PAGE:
What are your responsibilities as commercial property tenants?

May 30, 2023

Before signing on the dotted line and leasing a commercial property, ensure you know what your responsibilities are and what is required of you legally. Rules not only differ between renting privately and for commercial use, but also between leases. Clarifying this early on avoids any misunderstandings down the road. Also detailed in your contract will be the type of business carried out at the property, the renewal date, whether it’s a fixed-term lease and break clause conditions.

The main responsibilities you need to consider are health and safety and property maintenance. When first taking over the property, a health and safety risk assessment will be required to ensure there are no hazards in the vicinity. If any are found, they will need to be rectified immediately. Check your contract to see who is responsible; it could be you as the occupier, the landlord or the owner. Issues could include asbestos, ventilation, electrical equipment, gas and fire safety. Regular assessments and reviews will need to be carried out with plans put in place to ensure safety measures are upheld.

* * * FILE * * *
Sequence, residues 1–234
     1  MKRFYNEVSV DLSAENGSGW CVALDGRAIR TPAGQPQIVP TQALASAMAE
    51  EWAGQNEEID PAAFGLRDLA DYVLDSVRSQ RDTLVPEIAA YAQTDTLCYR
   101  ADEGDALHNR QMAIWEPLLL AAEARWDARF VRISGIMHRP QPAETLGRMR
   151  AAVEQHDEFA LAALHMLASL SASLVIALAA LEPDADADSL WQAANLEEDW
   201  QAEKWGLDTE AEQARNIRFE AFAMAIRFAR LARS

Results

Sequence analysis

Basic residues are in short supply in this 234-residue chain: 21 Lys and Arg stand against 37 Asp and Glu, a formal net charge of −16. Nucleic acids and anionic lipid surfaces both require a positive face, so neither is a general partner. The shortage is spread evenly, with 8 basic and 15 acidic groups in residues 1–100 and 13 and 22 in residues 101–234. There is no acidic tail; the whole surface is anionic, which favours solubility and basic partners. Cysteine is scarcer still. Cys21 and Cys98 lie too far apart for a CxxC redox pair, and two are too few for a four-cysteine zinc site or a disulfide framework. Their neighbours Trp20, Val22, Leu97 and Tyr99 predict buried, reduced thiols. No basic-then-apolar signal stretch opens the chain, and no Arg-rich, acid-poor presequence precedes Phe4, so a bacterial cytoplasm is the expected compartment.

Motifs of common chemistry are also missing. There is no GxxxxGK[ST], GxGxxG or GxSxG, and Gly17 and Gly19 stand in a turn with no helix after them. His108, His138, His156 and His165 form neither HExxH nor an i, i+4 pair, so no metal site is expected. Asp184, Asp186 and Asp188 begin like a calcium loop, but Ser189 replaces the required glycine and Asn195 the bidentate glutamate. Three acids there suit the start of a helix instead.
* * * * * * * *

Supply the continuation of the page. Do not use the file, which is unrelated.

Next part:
As a place of work, you will need to safeguard your staff and provide clean drinking water and toilet facilities. The temperature must be kept at an acceptable level and adequate lighting and air circulation should be provided. If there is a communal break-out area or kitchen, this will likely be covered by your landlord, but again, do check the contract.

When it comes to maintenance of the commercial unit, tenants usually have a ‘dilapidation’ clause written into the contract. This means the property must be left in the same state as when you first moved in and could entail you paying for new carpets and a fresh coat of paint on the walls.

The primary action here is reading the contract and clarifying any uncertainties before taking out the lease. Any responsibility not mentioned in the lease will likely fall to the tenant. If you are unsure about anything, do speak to a commercial property solicitor who will be able to advise or visit https://thomashwood.com/commercial/ to see our commercial property guide.

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